Why older adults must go to the front of the vaccine line
A new global, mathematical modeling study pubilshed in the journal Science shows that in most cases prioritizing older adults for COVID-19 vaccines saves the most lives.

Combining best of both worlds for cancer modeling
Treatment options for many types of cancers remain limited, due partly to the in vitro tools used to model cancers and that results from animal studies do not always translate well to human disease.

Study shows number and variety of issues experienced by staff wearing
A new study analysing the impact of PPE staff shows that the number and variety of issues they experience increases as their time in PPE without a break increases, ranging from tiredness and headaches in the first hour to nausea, vomiting and dizziness as they head towards four hours continuously in PPE.

School-made lunch 'better' for children
Packing a lunchbox with fruit, sandwiches, and snacks is common practice for most Australian families.

How to get more electric cars on the road
MIT researchers reveal the kinds of infrastructure improvements that would make the biggest difference in increasing the number of electric cars on the road, a key step toward reducing greenhouse gas emissions from transportation.

Study suggests coffee temporarily counteracts effect of sleep loss on cognitive function
A new study exploring the impact of repeated sleep loss during a simulated working week has found that consuming caffeinated coffee during the day helps to reduce impacts to people's vigilance, alertness, reaction-time, accuracy, working memory, attention and cognitive function, compared to decaffeinated coffee.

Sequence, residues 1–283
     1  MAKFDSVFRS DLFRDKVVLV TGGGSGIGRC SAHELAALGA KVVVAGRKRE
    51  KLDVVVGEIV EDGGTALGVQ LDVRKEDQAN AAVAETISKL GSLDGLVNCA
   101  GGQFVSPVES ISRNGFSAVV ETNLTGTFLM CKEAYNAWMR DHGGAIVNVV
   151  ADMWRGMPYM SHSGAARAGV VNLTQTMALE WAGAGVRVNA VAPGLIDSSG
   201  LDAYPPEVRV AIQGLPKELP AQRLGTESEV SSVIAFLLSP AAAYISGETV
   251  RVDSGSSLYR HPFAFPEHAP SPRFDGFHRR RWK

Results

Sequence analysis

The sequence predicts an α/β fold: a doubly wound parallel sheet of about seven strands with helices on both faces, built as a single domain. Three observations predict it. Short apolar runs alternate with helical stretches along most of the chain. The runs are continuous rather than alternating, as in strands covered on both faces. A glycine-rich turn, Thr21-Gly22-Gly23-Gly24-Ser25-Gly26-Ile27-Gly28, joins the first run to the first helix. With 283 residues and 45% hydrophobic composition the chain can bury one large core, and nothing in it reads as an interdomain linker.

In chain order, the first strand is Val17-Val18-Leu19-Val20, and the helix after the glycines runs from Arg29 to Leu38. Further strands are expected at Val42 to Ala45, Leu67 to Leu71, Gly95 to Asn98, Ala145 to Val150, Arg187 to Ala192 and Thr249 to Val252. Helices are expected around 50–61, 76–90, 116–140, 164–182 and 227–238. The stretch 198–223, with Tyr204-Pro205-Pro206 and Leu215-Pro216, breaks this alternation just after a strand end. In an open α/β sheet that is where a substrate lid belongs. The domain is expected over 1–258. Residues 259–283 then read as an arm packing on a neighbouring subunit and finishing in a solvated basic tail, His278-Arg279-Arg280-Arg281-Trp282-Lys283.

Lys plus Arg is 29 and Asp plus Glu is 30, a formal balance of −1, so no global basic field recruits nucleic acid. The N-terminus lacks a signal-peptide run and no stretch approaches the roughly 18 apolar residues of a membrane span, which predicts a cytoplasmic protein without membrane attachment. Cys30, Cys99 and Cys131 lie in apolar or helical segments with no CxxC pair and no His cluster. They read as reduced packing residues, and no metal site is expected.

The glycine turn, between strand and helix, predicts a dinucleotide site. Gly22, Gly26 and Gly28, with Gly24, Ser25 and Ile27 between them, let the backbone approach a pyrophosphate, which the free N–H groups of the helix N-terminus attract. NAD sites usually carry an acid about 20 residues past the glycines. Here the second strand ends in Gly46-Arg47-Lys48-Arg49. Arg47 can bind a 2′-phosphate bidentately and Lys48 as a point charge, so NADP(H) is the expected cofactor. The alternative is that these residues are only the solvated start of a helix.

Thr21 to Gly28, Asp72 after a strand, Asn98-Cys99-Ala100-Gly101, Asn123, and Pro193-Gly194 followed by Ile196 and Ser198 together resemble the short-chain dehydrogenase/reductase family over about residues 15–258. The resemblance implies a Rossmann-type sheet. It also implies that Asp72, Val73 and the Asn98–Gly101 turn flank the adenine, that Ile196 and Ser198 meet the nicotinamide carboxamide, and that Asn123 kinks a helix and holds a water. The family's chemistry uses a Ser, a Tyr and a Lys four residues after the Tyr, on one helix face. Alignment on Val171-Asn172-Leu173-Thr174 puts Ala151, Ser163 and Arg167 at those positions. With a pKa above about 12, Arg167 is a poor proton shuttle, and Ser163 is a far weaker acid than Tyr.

Immunology - Functionality of immune cells in early life
A study by Ludwig-Maximilians-Universitaet (LMU) in Munich researchers shows that putatively immature dendritic cells found in young children are able to induce robust immune responses.

Novel effector biology research provides insights into devastating citrus greening disease
Ma and her colleagues at the University of California and the University of Florida used molecular plant pathology approaches to dissect the mechanisms of the ongoing tug-of-war between the citrus host and the bacterial pathogen that causes citrus greening disease.

NUI Galway contribute to significant breast cancer risk genes study
Breast cancer investigators in the Lambe Institute at NUI Galway have collaborated on a pivotal international study into breast cancer risk which was published in the New England Journal of Medicine today.

COVID-19 is dangerous for middle-aged adults, not just the elderly
COVID-19 has been spreading rapidly over the past several months, and the U.S. death toll has now reached 400,000.

Investigational combo therapy shows benefit for TP53 mutant MDS and AML patients
Moffitt Cancer Center is leading a national, multicenter clinical trial investigating a new therapy option for this group of patients.

RUDN University neurosurgeon created a method to collect mental activity data of software developers
A neurosurgeon from RUDN University studied the mental activity of developers at work.

Vegan diet significantly remodels metabolism in young children